Waiting … in Silence
Kellye Schiffner Carver
Day: 56 | Plan: When Words Fail
Today's Reading: Psalms 61-62
Psalm 62:1 (ESV) "For God alone my soul waits in silence; from him comes my salvation."
When it feels like the world is against you, what do you do?
Many find comfort in the arms of a spouse, friend or family member. Others retreat into themselves or look to things, activities or roles to feel strong and safe again.
Psalms 61 and 62 capture David's thoughts in the midst of sorrow and difficulty, but Psalm 62 also paints a picture of peace and deliverance. David's method for finding peace may seem atypical, unnatural or isolated in our world today. Instead of looking inward to ourselves or outward toward other people, David tells us to look up, to God.
David likely penned Psalm 62 as conspirators tried to usurp his throne. Amid attacks and slander, he described himself as a "leaning wall," a "tottering fence" (Psalm 62:3-4). In this fragile, inadequate human condition, David prays for deliverance, and he finds it by waiting "for God alone" (Psalm 62:1). The Hebrew word for alone, ak, means "only," "truly" or "surely." It occurs six times in the 12 verses of this psalm. (Psalm 62:1, 2, 4, 5, 6, 9) Simply put, there are no substitutes or alternatives for God.
This is the first of two critical points tucked into our key verse — that only God can provide true refuge from our tribulations. This truth tells us where to look for help. We can't trust other people or things the way we can trust God. (Psalm 62:9-10) We will ultimately be disappointed if we look to other "rescuers," but when we take refuge in the Almighty, we cannot be shaken. (Psalm 62:2, 6-8)
However, God's peace, guidance and other answers to prayer don't always arrive on our timeline. Later in our key verse lies a second point: once we know where to look, David tells us how to look.
He waits … in silence.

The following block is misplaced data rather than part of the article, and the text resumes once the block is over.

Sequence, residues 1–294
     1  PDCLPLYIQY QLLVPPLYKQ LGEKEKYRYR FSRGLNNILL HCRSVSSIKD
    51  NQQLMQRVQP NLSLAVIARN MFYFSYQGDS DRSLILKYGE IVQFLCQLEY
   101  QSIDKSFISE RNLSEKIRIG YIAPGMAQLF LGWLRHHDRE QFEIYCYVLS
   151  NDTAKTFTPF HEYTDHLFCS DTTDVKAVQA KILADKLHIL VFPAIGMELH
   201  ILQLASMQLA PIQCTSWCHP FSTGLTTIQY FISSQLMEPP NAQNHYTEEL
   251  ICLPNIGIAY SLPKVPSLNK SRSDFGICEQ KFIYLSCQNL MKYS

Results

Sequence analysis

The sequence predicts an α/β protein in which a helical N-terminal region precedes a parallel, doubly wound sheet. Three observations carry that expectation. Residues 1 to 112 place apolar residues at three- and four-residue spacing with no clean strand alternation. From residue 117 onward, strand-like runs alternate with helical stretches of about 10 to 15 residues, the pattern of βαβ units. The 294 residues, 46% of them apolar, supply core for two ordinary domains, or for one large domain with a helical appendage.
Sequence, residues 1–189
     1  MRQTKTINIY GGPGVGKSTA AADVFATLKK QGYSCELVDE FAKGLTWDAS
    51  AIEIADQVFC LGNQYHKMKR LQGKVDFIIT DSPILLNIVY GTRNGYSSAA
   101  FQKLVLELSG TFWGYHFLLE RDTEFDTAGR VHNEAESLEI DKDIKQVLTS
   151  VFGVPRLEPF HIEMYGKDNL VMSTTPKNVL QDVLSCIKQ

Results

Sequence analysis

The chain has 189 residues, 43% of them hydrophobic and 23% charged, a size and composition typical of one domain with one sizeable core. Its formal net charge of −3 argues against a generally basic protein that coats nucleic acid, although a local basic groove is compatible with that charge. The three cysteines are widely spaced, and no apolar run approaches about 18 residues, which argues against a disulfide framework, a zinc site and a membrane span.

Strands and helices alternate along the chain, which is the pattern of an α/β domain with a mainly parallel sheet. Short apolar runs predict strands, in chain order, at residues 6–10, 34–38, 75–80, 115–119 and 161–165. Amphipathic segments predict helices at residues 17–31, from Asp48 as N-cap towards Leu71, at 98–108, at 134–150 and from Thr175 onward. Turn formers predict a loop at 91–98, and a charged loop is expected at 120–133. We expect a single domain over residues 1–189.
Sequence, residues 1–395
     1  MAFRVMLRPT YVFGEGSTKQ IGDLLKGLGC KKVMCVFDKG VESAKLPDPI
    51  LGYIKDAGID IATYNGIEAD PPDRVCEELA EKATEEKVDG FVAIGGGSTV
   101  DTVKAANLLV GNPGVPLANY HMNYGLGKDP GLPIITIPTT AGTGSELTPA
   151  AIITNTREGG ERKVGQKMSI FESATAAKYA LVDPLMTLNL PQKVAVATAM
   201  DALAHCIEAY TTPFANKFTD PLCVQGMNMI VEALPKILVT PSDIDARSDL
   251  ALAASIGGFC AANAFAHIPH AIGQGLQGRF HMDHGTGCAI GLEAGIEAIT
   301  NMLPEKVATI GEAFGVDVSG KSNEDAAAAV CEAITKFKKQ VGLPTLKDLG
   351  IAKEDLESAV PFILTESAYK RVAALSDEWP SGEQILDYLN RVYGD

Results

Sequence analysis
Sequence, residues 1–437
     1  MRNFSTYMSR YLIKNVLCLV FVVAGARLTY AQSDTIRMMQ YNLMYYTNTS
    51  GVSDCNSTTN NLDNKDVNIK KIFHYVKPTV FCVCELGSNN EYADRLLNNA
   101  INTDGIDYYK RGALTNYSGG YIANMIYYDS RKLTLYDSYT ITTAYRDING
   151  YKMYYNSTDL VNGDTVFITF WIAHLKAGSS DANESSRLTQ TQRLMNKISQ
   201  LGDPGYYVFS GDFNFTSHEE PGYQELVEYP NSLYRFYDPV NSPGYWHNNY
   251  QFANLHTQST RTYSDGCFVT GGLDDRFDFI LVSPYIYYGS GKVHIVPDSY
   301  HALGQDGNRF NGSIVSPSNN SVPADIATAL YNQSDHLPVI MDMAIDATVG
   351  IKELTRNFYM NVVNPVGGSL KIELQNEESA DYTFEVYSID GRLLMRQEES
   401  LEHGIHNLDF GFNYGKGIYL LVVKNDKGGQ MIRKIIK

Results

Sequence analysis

The Hebrew word is dumiyyah, which entails "silence, a quiet waiting, repose." Some Bible translations use the word "rest" (NIV, HCSB). David repeats this point in Psalm 62:5 with almost identical phrasing. He uses a slightly different word for "rest" — damam, which means "cease" — but again, we're told to be still and wait.
According to David's example, we intentionally and strategically position ourselves to wait on God. We sit in silence. We listen for our Father's voice. We embrace His calm. We anticipate His deliverance with a resolute trust. In fact, between verse 1 and verse 5, David transitions from "salvation" to "hope," with some translations using the word "expectation." (Psalm 62:5)
In his "MacLaren's Expositions," Andrew MacLaren, a Bible scholar and pastor, describes this as a silence of the will, mind and heart. This is not indifference or passivity in the waiting, but rather a quiet strength and courageous faith. We listen through the noise of the world — tempting though it may be — and seek God's voice instead. We bring His calm to our anxious mind and chaotic emotions. We create space in our lives for Him to speak, and we resolve to trust.
Does this process come naturally to us during difficulty? Or do we first look to ourselves or others for rescue? Perhaps a new purchase, a self-help trend or an unhealthy habit? The world offers ample opportunities to discount our faith. And although healthy stress outlets and godly counsel certainly deserve a place in our lives, only God can ultimately fill us. Nothing from human hands will truly satisfy.
In Him we trust, on Him we wait, and through Him we rest. Let's reassure our restless souls with David's words, "For God alone, O my soul, wait in silence, for my hope is from him" (Psalm 62:5).
Prayer: Heavenly Father, it is so hard for me to trust You sometimes. I get scared or anxious or impatient, and I don't wait for You like I should. Please help me to be resolute like David, looking to You for my ultimate fulfillment and waiting on Your timing. In Jesus' name, amen.
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